But in society today, many Americans have left much of that behind—reconceptualizing mindfulness as something divorced from the need to live, speak, and treat others rightly, in exchange for feeling more authentic, comfortable and validated. Rather than a philosophy and practice encouraging constant expansion and growth, mindfulness is in this way often commercialized and marketed to encourage acceptance of however we feel, think or live, irrespective of everything and everyone around us. 

Needless to say, this approach to mindfulness inevitably conflicts not just with the restored gospel of Jesus Christ, which has plenty to say about change, repentance, communion, and eternal growth, but also with it’s eastern roots in spiritual practices that are in many ways similar to Christian aspirations towards something more transcendent and divine. 

3. Buddhist mindfulness. Are we incrementally adopting another religious philosophy as we practice mindfulness—one contrary to the gospel of Jesus Christ? 

You are my Lord,

My goodness is nothing apart from You. (Psalms 16:2)

As people familiarize themselves with different mindfulness practices, we’ve seen something else happening. At times, they begin to adopt distinctive teachings and doctrines, some of which (certainly not all) conflict with the teachings of Christ. 

While there are many teachings in the Buddhist “dharma” that align with the gospel, there are plenty that do not. We’ve sat in Buddhist retreats and attended mindfulness training from teachers of different traditions. Coming away, we often feel profoundly edified and blessed, even though recognizing Latter-day Saints “won’t be able to stomach a lot of this.” This isn’t because our people are “narrow-minded”—but because of how much foreign languages and traditions need to be sifted through. 

At one retreat, one of the respected leaders concluded his talk insisting “no one is coming to save us…we’ve got to learn how to do this on our own!” One of us raised our hand, “With all due respect, some of us are Christians here—and that teaching you promoted undermines the core of our own faith.” One of our wives often comments on the commentary that accompanies many of her yoga videos—so much of which feels similarly conflicting, e.g.: “You have all you need right inside… you are perfect exactly as you are!” 

When conflicts between different philosophies arise, some decide to reinterpret the gospel of Christ from this newfound perspective—rather than the reverse. For instance, the teaching of “non-dualism” suggests that good and evil is an illusion that breaks down when you see things more truthfully. One who has embraced this quickly sees the black and white distinctions in the gospel as woeful naivete—vaunting their own enlightened glimpse into a “deeper” reality where the difference between good and evil evaporates, even as they abandon the truth that all good things come from and lead to Christ.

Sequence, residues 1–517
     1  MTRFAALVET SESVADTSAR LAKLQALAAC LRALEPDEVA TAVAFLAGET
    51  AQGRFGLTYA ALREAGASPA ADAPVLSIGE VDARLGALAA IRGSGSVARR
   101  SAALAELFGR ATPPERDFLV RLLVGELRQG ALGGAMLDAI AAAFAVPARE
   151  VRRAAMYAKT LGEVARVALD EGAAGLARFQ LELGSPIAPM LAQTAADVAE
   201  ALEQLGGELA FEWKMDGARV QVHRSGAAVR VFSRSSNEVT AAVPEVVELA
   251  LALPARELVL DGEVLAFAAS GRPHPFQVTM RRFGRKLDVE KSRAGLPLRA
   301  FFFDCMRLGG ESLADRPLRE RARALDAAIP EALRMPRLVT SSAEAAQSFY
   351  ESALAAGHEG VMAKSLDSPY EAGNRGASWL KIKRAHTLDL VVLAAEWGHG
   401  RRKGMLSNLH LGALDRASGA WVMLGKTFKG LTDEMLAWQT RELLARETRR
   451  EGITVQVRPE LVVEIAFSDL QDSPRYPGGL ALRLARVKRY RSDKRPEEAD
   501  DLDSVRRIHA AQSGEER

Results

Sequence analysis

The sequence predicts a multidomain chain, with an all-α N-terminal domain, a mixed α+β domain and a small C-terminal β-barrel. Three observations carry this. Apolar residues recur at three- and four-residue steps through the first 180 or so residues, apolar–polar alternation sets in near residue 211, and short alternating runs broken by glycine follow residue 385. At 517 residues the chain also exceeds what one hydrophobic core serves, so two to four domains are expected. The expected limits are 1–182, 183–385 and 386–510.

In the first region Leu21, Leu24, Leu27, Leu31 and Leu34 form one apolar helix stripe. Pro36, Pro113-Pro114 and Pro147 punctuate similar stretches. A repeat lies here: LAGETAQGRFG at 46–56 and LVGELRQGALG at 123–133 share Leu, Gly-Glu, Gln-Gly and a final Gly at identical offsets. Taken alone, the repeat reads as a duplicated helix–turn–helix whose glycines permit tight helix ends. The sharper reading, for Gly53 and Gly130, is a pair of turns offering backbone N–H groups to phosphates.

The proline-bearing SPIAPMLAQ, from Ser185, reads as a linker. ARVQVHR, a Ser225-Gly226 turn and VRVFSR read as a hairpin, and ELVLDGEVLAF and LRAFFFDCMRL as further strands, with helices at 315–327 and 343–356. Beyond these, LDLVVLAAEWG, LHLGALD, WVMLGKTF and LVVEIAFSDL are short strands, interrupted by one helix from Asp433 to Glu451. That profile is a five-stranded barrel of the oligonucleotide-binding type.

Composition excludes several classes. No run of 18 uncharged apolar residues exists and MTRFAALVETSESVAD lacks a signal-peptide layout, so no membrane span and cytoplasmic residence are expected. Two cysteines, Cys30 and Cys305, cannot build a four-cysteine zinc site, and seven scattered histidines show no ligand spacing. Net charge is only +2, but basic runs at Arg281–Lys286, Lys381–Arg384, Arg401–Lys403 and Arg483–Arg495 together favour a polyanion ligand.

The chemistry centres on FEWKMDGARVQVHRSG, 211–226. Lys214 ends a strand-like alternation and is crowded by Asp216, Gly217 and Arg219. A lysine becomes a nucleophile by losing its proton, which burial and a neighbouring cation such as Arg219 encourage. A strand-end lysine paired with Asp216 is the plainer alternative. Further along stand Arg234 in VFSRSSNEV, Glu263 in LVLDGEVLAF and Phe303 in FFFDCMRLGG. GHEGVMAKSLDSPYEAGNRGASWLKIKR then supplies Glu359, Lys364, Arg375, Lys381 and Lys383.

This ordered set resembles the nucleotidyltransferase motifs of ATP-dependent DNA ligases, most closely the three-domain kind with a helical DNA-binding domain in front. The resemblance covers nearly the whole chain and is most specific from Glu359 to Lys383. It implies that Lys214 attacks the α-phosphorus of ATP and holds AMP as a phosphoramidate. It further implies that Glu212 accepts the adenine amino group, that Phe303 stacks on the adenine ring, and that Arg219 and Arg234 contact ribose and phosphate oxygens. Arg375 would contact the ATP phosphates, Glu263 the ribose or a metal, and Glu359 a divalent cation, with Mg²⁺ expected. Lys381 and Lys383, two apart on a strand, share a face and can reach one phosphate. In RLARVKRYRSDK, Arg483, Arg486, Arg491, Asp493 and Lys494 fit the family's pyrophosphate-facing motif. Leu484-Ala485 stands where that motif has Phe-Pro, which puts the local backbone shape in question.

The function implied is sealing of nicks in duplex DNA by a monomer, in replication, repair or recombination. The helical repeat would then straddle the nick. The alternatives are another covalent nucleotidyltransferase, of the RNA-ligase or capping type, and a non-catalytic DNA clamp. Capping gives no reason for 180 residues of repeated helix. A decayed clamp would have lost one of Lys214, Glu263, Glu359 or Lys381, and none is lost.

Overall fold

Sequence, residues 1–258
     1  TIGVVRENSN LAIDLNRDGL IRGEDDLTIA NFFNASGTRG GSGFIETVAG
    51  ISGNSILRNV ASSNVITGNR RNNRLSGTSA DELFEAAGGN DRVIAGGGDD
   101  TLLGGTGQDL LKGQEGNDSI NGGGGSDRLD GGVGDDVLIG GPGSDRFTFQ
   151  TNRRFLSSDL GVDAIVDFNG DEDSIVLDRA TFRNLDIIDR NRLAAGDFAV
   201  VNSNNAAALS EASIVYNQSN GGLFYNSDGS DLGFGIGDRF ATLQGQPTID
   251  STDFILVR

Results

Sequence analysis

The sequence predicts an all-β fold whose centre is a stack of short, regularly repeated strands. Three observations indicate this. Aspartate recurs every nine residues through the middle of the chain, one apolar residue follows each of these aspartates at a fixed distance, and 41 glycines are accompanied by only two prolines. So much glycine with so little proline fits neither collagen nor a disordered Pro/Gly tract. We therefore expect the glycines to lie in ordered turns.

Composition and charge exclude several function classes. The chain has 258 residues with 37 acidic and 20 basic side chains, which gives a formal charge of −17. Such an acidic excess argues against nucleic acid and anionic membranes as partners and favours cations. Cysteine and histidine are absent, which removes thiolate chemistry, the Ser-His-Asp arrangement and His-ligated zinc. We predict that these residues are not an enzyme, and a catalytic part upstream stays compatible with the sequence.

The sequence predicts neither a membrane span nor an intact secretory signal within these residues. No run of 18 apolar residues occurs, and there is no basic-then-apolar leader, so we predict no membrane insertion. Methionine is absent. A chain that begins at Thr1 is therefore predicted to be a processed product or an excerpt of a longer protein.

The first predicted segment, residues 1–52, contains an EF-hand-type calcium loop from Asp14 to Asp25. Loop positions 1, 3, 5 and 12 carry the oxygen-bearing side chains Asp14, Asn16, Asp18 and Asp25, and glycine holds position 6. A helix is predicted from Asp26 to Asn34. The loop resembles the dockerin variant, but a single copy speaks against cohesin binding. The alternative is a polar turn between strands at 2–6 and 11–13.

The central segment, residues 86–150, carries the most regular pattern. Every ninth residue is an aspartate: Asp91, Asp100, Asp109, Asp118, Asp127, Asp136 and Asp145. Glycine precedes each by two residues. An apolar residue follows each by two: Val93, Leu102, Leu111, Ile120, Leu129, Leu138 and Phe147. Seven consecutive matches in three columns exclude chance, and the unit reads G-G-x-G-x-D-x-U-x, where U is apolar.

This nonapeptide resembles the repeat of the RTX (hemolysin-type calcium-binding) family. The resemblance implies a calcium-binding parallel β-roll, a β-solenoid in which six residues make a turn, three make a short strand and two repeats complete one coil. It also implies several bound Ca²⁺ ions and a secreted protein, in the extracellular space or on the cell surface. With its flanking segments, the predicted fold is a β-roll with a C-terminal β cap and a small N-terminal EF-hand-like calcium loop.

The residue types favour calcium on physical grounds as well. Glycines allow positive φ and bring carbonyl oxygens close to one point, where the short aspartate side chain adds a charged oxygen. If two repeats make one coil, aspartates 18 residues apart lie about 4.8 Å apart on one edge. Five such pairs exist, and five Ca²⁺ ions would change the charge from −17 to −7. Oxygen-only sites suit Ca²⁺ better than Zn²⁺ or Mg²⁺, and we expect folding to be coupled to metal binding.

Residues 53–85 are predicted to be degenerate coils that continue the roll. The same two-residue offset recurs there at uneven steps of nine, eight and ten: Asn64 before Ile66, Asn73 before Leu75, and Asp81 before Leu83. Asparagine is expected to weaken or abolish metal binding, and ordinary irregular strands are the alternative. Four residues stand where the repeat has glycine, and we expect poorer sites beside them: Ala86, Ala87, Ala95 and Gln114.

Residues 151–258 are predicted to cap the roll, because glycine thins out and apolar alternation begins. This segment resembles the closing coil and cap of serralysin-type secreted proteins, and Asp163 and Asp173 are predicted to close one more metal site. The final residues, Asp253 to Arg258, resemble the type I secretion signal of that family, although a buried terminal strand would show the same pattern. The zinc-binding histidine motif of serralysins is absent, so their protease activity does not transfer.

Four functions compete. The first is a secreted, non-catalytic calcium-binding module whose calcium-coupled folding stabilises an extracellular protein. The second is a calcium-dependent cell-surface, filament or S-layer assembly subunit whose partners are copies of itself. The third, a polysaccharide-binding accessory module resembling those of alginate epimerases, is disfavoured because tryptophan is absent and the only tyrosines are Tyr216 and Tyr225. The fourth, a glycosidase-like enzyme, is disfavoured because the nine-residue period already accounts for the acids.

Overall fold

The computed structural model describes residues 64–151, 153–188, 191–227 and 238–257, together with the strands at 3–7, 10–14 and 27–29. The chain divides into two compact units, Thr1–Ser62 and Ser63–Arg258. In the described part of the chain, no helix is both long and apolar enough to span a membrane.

4. Restoration mindfulness: Are we considering mindfulness as something foreign to and outside the gospel and Church of Christ—or very much central and instrumental to it? 

And while we meditated upon these things, the Lord touched the eyes of our understanding and they were opened, and the glory of the Lord shone round about. (Doctrine & Covenants 76:19)

As we begin to explore mindfulness practice, do we see it as somehow a critique of “flawed” gospel practices, or as a deepening and expansion of practices that are intrinsically good and trustworthy? Do we look to mindfulness meditation as a “replacement” to prayer as a source of peace?

As we pointed out in The Power of Stillness, contemplative approaches to faith (seeking God in solitude, pondering, meditation, etc.) have always been a part of our religious history as Christians—including Latter-day Saints, all the way back to the sacred grove. Jesus retreated many times during his ministry to find some space to pray and to commune with Abba, and many followers of Jesus ever since have seen contemplative retreat into solitude with God, in one form or another, as a key aspect of their discipleship. Recognizing this as something that’s been here all along makes it something strangely familiar—not foreign, not scary, not threatening. This comes down in many ways to what gets emphasized and developed at different moments and places over time. We’re lucky to be at a historical juncture where we are seeing the benefits and greater emphasis and integration of mindfulness and meditation with our own culture and faith.